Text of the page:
However this cable was hiding a secret. A short time later, a hacker remotely opened a terminal on my Mac’s display, letting them run instructions on my pc as they noticed match. It’s because this wasn’t a daily cable. As a substitute, it had been modified to incorporate an implant; further parts positioned contained in the cable letting the hacker remotely connect with the pc.

“It seems like a respectable cable and works similar to one. Not even your pc will discover a distinction. Till I, as an attacker, wirelessly take management of the cable,” the safety researcher often known as MG who made these cables instructed Motherboard after he confirmed me the way it works on the annual Def Con hacking convention.

One thought is to take this malicious software, dubbed O.MG Cable, and swap it for a goal’s respectable one. MG steered you could even give the malicious model as a present to the goal—the cables even include among the appropriate little items of packaging holding them collectively.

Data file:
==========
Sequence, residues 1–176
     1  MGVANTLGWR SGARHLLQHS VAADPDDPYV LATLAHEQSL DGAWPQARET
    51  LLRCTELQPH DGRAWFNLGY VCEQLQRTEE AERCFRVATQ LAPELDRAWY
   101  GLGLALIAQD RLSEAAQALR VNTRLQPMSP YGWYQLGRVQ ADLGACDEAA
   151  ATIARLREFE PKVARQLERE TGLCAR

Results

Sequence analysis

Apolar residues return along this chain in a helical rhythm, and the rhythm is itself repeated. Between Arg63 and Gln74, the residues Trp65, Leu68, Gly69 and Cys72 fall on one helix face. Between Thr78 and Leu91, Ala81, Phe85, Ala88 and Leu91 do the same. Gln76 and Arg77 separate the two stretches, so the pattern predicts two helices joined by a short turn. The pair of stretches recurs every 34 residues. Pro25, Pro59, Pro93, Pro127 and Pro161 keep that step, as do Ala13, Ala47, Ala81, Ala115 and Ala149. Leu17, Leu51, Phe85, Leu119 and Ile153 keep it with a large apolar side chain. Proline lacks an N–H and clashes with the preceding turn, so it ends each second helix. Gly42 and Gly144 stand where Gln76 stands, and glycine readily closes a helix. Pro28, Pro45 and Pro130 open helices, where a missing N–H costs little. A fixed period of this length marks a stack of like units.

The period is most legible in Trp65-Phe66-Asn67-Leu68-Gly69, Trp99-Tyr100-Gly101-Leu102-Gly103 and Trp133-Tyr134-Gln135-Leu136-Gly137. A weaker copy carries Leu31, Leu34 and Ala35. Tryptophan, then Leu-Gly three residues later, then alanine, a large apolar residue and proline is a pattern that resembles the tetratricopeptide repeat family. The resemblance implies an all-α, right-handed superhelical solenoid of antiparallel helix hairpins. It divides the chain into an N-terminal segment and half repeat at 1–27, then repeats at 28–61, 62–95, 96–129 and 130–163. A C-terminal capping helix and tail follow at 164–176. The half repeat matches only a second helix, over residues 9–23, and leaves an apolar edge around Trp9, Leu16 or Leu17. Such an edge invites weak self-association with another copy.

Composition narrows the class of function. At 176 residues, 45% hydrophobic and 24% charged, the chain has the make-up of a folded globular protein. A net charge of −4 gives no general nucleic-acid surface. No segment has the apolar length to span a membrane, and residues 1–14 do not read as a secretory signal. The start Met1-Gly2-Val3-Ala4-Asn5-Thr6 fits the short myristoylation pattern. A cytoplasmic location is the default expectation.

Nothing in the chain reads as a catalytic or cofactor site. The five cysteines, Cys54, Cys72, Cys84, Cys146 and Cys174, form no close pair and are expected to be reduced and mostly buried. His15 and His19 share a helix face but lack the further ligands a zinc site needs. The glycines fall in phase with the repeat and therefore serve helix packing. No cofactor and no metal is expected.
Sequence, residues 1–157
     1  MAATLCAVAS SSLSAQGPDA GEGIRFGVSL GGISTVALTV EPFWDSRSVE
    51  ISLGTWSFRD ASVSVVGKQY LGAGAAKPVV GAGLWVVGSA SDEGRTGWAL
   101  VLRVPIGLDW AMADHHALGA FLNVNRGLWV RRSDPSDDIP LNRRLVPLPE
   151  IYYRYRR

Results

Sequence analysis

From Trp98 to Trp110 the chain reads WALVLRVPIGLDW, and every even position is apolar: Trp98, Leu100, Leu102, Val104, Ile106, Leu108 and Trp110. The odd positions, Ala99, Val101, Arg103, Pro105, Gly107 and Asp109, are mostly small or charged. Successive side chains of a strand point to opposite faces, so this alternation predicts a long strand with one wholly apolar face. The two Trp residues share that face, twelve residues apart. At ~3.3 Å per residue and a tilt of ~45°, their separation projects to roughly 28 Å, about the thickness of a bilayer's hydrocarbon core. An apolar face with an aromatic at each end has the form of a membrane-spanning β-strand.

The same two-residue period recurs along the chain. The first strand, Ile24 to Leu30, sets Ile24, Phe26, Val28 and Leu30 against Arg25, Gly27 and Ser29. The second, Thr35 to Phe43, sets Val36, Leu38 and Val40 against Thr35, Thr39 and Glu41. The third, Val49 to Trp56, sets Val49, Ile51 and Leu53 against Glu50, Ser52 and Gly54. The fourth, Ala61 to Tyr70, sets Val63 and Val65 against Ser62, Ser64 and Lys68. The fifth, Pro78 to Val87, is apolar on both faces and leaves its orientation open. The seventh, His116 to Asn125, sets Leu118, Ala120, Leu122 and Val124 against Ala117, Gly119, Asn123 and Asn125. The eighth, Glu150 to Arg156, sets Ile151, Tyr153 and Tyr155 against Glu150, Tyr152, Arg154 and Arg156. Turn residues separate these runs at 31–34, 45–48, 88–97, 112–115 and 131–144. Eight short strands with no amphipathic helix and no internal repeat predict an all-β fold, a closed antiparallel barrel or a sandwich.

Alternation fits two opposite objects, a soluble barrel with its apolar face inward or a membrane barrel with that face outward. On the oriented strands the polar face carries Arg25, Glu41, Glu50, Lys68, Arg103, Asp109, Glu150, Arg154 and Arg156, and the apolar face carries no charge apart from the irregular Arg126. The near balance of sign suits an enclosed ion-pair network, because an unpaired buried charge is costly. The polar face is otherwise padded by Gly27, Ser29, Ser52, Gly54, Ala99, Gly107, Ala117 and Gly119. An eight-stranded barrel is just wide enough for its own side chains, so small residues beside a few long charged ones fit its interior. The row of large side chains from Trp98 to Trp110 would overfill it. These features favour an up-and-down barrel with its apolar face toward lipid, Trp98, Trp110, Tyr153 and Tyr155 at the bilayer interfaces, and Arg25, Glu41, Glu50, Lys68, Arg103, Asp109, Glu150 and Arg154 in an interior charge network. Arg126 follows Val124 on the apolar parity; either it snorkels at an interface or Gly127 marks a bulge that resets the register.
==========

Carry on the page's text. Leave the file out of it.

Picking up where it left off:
MG typed within the IP tackle of the pretend cable on his personal telephone’s browser, and was offered with a listing of choices, equivalent to opening a terminal on my Mac. From right here, a hacker can run all kinds of instruments on the sufferer’s pc.

“It’s like having the ability to sit on the keyboard and mouse of the sufferer however with out really being there,” MG stated.

The cable comes with numerous payloads, or scripts and instructions that an attacker can run on the sufferer’s machine. A hacker can even remotely “kill” the USB implant, hopefully hiding some proof of its use or existence.

MG made the cables by hand, painstakingly modifying actual Apple cables to incorporate the implant.